Article Text


  1. G Aithal,
  2. P Moayyedi,
  3. I D Penman,
  4. S P L Travis

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COX-2 inhibitors: complications and costs ▸

Cyclooxygenase-2 (COX-2) inhibitors have a lower risk of GI bleeding with a similar analgesia efficacy but are more expensive than NSAIDs. Spiegel et al report a systematic review on the adverse events of COX-2 compared with NSAIDs and constructed a Markov model comparing the cost-effectiveness of these two alternatives. Their meta-analysis suggested that COX-2 inhibitors had a lower risk of dyspeptic symptoms (relative risk (RR) 0.77; 95% confidence intervals (CI) 0.74 to 0.81) and clinically significant ulcer complications (RR=0.50; 95% CI 0.40 to 0.63) compared to NSAIDs. The authors assumed that all NSAID patients with dyspepsia would be investigated with endoscopy, be prescribed long term proton pump inhibitor therapy and switch to a COX-2 inhibitor. They also assumed that there would be no difference in cardiovascular events between the two options. Despite these assumptions in favour of COX-2 inhibitors the model suggested this strategy would cost $275 809/QALY gain compared with prescribing Naproxen in 60 year old patients. If patients had a previous bleeding ulcer the cost would reduce to $55 803/QALY gained. This was cost effective for US budgets but would be too expensive for the UK and many European health care systems. COX-2 inhibitors are currently too expensive to recommend as alternatives to NSAIDs for average risk patients Modelling from the perspective of other health care systems are needed to assess the cost effectiveness of COX-2 inhibitors in high-risk groups.

Old, new, borrowed, and blue? ▸

Many of us practice surveillance colonoscopy despite the lack of evidence demonstrating efficacy in preventing cancer and the need to take possibly at least 40 to 50 biopsies to be confident of detecting dysplasia. Adapting techniques used for detecting dysplasia in Barrett’s oesophagus, Kiesslich et al randomised 174 patients with longstanding UC to either conventional colonoscopy (n=81) or magnification colonoscopy using a zoom colonoscope combined with 0.1% methylene blue dye staining (n=84). Five biopsies were taken every 10 cm and all visible lesions were also targeted for biopsy and assessed by blinded pathologists. The authors hypothesised that chromoendoscopy would detect threefold more neoplastic lesions and this was indeed the case (35 lesions in 13 of 84 patients v 11 in 6 of 81 undergoing conventional colonoscopy, p=0.003). Significantly more flat or depressed lesions were detected by chromendoscopy (21) compared to colonoscopy (4). Of the 121 macroscopically visible lesions in chromoendoscopy patients, only 35 were neoplastic on biopsy, the remainder being hyperplastic or inflammatory. These lesions were all classified using the Japanese “pit pattern diagnosis” method before biopsy and this correlated well with the results of pathology as 80 of the 86 non-neoplastic lesions were pit pattern type I or II. Rather than committing ourselves to more biopsies, if corroborated by others, magnification and dye staining together might allow us to take fewer, targeted biopsies with a greater chance of detecting neoplasia. Once again, maybe the answer is in front of us, if we will only look carefully enough and design good quality randomised endoscopic trials like this one?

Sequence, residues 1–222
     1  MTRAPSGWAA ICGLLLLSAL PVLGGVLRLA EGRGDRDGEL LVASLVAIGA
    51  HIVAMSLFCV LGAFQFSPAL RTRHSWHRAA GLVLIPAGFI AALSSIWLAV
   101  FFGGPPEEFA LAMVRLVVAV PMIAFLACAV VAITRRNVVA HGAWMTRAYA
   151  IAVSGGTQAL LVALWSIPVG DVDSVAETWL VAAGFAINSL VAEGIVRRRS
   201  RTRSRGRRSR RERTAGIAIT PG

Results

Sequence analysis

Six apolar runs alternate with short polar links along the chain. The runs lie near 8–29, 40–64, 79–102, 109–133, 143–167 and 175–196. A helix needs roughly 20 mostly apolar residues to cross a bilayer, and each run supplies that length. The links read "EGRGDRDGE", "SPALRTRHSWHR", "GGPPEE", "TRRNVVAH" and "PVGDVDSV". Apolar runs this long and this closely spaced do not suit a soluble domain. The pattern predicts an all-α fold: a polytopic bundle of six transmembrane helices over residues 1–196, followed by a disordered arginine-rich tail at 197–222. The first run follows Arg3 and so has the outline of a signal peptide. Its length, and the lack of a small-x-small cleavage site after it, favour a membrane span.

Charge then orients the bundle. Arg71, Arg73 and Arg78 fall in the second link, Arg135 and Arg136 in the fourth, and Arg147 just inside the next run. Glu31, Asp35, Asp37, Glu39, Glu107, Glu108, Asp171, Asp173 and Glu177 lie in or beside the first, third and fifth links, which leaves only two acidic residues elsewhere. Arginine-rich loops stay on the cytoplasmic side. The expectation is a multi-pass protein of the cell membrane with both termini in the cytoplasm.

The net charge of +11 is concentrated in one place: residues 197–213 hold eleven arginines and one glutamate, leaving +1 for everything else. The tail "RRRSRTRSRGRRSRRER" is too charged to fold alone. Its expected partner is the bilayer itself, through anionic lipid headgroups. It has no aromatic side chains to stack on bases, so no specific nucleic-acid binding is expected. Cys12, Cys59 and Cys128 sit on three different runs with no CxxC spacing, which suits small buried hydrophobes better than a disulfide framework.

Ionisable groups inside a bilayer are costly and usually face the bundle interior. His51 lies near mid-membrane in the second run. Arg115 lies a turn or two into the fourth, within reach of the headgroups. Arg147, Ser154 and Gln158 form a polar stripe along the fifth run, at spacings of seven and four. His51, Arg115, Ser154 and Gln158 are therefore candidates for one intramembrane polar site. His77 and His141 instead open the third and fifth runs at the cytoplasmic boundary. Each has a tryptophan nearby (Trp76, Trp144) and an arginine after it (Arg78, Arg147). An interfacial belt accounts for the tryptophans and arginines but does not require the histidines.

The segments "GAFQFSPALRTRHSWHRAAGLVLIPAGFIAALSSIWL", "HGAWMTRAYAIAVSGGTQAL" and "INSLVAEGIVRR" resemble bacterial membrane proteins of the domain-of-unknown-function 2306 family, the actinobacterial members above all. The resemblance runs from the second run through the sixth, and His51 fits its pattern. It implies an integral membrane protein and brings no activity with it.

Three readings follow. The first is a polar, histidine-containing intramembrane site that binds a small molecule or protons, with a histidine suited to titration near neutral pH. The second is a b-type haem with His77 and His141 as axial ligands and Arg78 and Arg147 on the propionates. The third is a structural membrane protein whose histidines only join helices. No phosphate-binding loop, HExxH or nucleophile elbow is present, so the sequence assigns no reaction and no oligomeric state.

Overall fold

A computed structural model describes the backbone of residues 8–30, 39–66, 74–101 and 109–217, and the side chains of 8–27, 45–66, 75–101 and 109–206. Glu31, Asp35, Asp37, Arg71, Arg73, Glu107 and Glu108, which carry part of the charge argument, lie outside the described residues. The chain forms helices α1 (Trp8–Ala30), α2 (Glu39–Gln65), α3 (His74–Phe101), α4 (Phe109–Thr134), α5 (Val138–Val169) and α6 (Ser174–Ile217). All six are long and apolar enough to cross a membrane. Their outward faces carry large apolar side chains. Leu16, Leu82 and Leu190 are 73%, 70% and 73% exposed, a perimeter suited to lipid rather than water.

Not thinning but sieving blood for colitis? ▸